Old paint finish technique
I wanted to show you how to achieve a layered old paint effect using an ordinary chip brush that you can purchase at any craft or hardware store.
This is my cute little 16 year old kitty, Sammy, he wanted everyone to see how cute he was, so he posed for this picture.
My turquoise chair in my kitchen started off as a $1.00 garage sale find. The seat had split, so we just glued and clamped it, now it's as good as new.
Now onto the paint job.
I generally don't sand before I paint, I just make sure it's clean using glass cleaner and rag. Most of you know that I paint my furniture using regular acrylic craft paint. Try mixing up your own colors for that special custom color and believe it or not those little 2oz bottles go along way.
Now forget all those rules about regular painting, it's ok, if you have a drip, it's ok if you have missed spots, it's even ok to brush over it before it's dry, this will give texture and make it look like something that's old and been around for years.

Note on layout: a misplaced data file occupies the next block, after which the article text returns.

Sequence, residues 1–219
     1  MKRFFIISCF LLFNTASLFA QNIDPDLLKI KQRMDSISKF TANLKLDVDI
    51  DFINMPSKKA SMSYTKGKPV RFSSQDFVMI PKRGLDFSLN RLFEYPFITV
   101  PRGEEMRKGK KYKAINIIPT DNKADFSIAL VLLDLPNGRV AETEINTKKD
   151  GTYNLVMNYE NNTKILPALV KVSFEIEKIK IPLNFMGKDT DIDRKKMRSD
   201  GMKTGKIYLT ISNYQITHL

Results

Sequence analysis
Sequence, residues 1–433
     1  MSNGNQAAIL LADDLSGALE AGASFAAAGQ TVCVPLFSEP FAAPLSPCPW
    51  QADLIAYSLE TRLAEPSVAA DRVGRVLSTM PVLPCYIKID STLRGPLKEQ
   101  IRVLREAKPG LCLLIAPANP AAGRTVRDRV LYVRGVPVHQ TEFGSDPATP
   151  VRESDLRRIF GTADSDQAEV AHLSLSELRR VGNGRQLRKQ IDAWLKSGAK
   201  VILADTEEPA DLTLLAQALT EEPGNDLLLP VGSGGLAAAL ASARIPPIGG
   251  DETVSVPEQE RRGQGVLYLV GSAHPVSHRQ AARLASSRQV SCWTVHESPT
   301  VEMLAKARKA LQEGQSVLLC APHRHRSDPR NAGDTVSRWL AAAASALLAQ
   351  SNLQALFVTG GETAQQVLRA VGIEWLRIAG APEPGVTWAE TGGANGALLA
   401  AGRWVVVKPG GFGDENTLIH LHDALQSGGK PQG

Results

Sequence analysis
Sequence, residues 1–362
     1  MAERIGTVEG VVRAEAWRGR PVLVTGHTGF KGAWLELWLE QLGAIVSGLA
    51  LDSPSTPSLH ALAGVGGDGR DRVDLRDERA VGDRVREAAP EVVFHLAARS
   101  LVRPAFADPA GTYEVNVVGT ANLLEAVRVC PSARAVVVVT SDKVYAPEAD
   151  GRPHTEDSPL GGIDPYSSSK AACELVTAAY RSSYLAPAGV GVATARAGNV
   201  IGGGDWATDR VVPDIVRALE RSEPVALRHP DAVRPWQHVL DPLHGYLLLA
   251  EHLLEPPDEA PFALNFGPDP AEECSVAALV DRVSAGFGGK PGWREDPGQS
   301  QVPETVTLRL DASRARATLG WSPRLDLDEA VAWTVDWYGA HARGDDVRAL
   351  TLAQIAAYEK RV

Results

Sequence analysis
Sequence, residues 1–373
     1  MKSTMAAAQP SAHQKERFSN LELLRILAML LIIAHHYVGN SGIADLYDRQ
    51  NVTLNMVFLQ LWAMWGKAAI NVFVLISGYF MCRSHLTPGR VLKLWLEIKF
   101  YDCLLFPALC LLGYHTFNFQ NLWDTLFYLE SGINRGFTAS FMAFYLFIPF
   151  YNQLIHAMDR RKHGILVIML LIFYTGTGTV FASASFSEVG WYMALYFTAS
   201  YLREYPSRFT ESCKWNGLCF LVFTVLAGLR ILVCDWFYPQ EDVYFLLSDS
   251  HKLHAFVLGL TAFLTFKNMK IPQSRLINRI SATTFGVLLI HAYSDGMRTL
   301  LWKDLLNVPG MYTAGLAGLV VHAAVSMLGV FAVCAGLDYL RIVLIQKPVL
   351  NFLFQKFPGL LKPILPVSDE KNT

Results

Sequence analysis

For this chair I only used one color, but layered the coats, 3 coats total. The first coat, you can see how it has a dry brush effect and there are many missed areas.
Because the chip brush has uneven bristles, it's easy to give that uneven appearance.
The second coast was done just like the first but you can see how the blue is looking a little more uniform, but still patchy.
The third coat or even more coats if you want, will finish off the weathered old look. I'm usually so impatient that I get out my hair dryer and dry the paint as I go, remember you can't mess this kind of paint job up, any mess up only add texture and depth.
Sometimes I will sand or scrape to distress further, but this chair had enough character that I didn't think it was needed.
To protect the finish I always apply a wax finish, like minwax furniture wax, you will need to apply at least 2 coats, but I think 3 give the best finish. Just follow the directions on the can.
So give it a try, you'll be amazed how easy it is.